RPM reflects enhancements to RAPM by Engelmann, among them the use of Bayesian priors, aging curves, score of the game and extensive out-of-sample testing to improve RPM's predictive accuracy.
Which sounds an awful lot like slapping a binding on someone else's science fair project and selling it as a textbook. RAPM is already used by hardcore NBA heads, so it's more than a little odd to see ESPN roll this out without explaining what it's doing differently. We will presumably hear a little more about what's gone into RPM at some point, maybe at next year's Sloan, maybe as the playoffs ramp up. But as NBA analysis gets more observational and, therefore, contextual, the need for this sort of reverse-engineered testing should fall away, at least a little bit. For now, though, this isn't a bad way at all to judge how important (or harmful) a player is to his team.
OK, it's the newest version of an old thing. What exactly is it telling us?
The example that ESPN used was of Taj Gibson and Jamal Crawford, two of the best bench players in the league. They are fine examples, with Gibson having much more impact defensively than Crawford does. Once you adjust for DeAndre, Barnes, and company handling the defense, Jamal doesn't look as great. RPM is no different conceptually than the other stats that try to do this; it just claims to do it better.
This, the thinking goes, should show you something like how valuable a player is to a team. So Reggie Jackson, the Thunder's backup point guard who often plays with the starters, can be contextualized as less important than them, but better or worse than others in a similar role. That relationship does, though, bump against an issue with this sort of analysis.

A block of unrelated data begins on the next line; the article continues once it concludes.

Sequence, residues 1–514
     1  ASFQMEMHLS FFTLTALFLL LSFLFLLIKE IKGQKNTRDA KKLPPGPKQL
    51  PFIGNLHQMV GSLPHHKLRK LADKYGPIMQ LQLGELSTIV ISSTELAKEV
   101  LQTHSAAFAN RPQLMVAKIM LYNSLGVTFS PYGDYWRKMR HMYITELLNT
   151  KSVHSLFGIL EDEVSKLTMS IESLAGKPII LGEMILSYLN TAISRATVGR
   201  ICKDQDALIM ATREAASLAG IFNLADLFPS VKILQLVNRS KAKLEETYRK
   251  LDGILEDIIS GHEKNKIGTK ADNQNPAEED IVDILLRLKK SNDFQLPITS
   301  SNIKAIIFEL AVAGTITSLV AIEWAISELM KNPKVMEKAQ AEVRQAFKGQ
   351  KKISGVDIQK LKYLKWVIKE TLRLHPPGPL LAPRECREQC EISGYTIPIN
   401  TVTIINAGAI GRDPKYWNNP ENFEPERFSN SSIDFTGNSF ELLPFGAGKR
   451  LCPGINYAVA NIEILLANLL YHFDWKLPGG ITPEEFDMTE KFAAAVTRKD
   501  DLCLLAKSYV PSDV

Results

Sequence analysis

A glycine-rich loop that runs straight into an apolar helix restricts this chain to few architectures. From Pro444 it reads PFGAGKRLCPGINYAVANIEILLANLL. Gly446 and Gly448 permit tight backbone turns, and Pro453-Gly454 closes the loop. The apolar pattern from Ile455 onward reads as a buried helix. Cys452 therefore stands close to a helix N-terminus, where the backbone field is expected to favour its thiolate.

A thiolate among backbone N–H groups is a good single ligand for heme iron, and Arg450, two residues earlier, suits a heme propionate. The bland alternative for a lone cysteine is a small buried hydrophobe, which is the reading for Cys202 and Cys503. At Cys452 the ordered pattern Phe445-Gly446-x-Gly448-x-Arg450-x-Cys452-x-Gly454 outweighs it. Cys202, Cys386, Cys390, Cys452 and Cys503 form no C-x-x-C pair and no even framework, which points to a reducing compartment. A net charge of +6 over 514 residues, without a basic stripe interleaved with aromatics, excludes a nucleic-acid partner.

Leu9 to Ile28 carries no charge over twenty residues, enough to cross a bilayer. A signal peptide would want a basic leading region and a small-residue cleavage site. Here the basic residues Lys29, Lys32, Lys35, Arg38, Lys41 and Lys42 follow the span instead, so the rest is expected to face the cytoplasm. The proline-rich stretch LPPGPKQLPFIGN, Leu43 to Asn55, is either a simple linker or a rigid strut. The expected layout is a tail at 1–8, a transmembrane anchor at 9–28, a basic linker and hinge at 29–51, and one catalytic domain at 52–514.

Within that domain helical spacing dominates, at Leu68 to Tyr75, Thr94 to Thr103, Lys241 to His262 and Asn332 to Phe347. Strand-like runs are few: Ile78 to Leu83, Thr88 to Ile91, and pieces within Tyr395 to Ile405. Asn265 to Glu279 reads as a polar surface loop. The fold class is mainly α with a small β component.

Just at a glance, the aforementioned player pairing problems—multicollinearity issues, to be specific—do seem to affect the ratings. Take Nick Collison as an example. He's sixth overall in RPM, which could lead you to believe that he is a secret cog in the Thunder machine. And yes, Nick Collison is great for what he is, but sliding in ahead of Steph Curry and Tim Duncan does raise a few questions. Just hazarding a guess, could Perk and his literally-worst-in-the-NBA -6.19 Offensive RPM (-3.19 overall) have anything to do with that? This type of analysis expressly tries to isolate a player from his context, but in extreme cases like this, things can get messy. One surmises that Collison often replacing the single most disastrous offensive player in the known cosmos has some kind of effect of his rating, which is the sort of thing that would show up the limitations of this sort of analysis. Then again, J Crossover is currently backing up Willie Green.
Wait, the NBA season is almost over. Why are we just hearing about this now?
When ESPN Stats & Info rolls out a stat like this, it will typically be not when it's most useful to you, the fan, or other writers, but when it is best for its coverage. And frankly, the sixth men for the Bulls and Thunder having good seasons doesn't make for the most compelling TV.
Late in the season, though, when player value can turn into Most Valuable segments, that's a little entertaining. A lot like the Football Power Index and Championship Drives (and all the more interesting stats they comprise), a stat like RPM is most useful in the context of a debate. Awards season isn't a bad time for something like that.
Hopefully, RPM won't go the way of Total QBR, which is functionally a very good stat, but opaque in frustrating ways for outsiders looking to determine if it's actually worth using, and with an all-timer of an overreach on the sell, which was that it was the only stat you needed to look at to judge a quarterback. It wasn't, obviously, though it comprised many that were important. But the allure of having all football advanced metrics melted down into one bullet was too much. And now we do it again, with one stat to settle all of the He makes his team better! pillow fights on First Take.